By eating less meat and more fruit and vegetables, the world could prevent several million deaths per year by 2050, cut planet-warming emissions substantially, and save billions of dollars annually in health care costs and climate damage, researchers said.
A new study published in the Proceedings of the National Academy of Sciences is the first to estimate both the health and climate change impacts of a global move towards a more plant-based diet, they said.
"We do not expect everybody to become vegan," said lead author Marco Springmann of the Oxford Martin Program on the Future of Food.
But if they did, they'd live longer and help reduce the changes that are skewing the climate.
"What we eat greatly influences our personal health and the global environment," Springmann said.
The Oxford University researchers modeled the effects of four different diets by mid-century: a 'business as usual' scenario; one that follows global guidelines including minimum amounts of fruits and vegetables and limits on red meat, sugar and total calories; a vegetarian diet; and a vegan diet.
Adopting a diet in line with the global guidelines could avert 5.1 million deaths per year by 2050, while 8.1 million fewer people would die in a world of vegans who do not consume animal products, including eggs and milk.
When it comes to climate change, following dietary recommendations would cut food-related emissions by 29 percent, adopting vegetarian diets would cut them by 63 percent and vegan diets by 70 percent.
Dietary shifts could produce savings of $700 billion to $1 trillion per year on healthcare, unpaid care and lost working days, while the economic benefit of reduced greenhouse gas emissions could be as much as $570 billion, the study found.
The researchers found that three-quarters of all benefits would occur in developing countries, although the per capita impacts of dietary change would be greatest in developed nations, due to higher rates of meat consumption and obesity.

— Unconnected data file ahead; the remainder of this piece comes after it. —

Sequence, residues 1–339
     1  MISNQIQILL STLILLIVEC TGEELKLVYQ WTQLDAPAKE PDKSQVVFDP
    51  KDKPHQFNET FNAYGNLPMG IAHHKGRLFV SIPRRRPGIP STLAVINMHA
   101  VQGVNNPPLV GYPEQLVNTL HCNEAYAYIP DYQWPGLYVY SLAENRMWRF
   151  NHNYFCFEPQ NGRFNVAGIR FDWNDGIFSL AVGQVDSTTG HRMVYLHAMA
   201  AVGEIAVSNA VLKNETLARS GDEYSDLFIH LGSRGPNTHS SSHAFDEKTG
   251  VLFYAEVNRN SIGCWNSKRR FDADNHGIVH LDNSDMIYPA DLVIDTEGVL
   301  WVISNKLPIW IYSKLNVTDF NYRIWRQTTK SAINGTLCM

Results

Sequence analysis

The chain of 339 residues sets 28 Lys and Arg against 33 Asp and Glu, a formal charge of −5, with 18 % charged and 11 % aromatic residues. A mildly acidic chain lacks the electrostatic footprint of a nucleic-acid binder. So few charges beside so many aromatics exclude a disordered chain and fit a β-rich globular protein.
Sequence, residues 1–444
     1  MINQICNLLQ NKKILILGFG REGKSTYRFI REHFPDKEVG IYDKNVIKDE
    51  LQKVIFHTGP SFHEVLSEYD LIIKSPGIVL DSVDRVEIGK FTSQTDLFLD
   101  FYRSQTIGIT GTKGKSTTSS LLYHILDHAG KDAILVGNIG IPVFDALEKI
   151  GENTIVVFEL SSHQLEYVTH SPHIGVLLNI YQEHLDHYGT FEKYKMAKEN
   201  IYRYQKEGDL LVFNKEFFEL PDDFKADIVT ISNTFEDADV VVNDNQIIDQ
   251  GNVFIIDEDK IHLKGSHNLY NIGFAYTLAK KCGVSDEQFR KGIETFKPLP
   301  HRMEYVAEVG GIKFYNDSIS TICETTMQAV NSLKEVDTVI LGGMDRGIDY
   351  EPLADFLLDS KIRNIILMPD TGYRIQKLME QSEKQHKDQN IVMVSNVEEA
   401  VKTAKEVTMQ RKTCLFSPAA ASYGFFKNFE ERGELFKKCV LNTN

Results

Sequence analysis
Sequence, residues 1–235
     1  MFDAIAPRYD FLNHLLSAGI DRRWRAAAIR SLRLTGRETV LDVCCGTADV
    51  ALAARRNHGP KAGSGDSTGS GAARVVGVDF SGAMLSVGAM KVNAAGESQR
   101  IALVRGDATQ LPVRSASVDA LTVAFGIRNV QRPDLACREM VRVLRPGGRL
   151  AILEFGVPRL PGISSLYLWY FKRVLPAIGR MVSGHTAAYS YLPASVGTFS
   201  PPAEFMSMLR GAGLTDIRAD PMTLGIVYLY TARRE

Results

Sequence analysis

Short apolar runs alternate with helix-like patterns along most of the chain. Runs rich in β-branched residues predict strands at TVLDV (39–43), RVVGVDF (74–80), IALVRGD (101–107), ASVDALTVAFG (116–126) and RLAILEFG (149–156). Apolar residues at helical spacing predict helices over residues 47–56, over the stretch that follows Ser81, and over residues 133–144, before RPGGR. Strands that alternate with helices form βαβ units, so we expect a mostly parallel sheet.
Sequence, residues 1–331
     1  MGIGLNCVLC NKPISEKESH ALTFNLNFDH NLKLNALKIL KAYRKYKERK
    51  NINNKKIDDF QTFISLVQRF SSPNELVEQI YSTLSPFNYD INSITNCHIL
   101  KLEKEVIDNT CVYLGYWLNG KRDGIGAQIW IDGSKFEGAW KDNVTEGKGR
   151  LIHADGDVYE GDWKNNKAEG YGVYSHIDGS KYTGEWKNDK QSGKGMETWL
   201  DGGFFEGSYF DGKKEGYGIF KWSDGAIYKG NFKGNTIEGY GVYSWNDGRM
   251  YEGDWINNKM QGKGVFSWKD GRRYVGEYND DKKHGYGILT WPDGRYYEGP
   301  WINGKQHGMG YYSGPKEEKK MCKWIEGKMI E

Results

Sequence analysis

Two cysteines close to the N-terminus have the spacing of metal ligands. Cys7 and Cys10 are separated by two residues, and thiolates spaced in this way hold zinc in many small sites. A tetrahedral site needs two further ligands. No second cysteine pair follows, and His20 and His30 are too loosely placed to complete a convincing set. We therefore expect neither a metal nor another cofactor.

The economic value of health improvements could be comparable with, and possibly larger than, the value of the prevented damage from climate change, they added.
"The value of those benefits makes a strong case for increased public and private spending on programs aimed to achieve healthier and more environmentally sustainable diets," Springmann said.
The study looked at regional differences which could be used to identify the most suitable interventions for food production and consumption, Springmann said.
For example, lower red meat consumption would have the biggest effect in East Asia, the West and Latin America, while boosting fruit and vegetable intake was found to be the largest factor in cutting deaths in South Asia and sub-Saharan Africa.
Lower calorie intake, leading to fewer overweight people, would play a key role in improving health in the Eastern Mediterranean, Latin America and Western nations, the study said.
But it will not be easy. To achieve a diet that sticks to common guidelines would require a 25 percent increase in the number of fruits and vegetables eaten globally, and a 56 percent cut in red meat.
Overall, humans would need to consume 15 percent fewer calories, it said.
"We do not expect everybody to become vegan," Springmann added. "But climate change impacts of the food system will be hard to tackle and likely require more than just technological changes. Adopting healthier and more environmentally sustainable diets can be a large step in the right direction."
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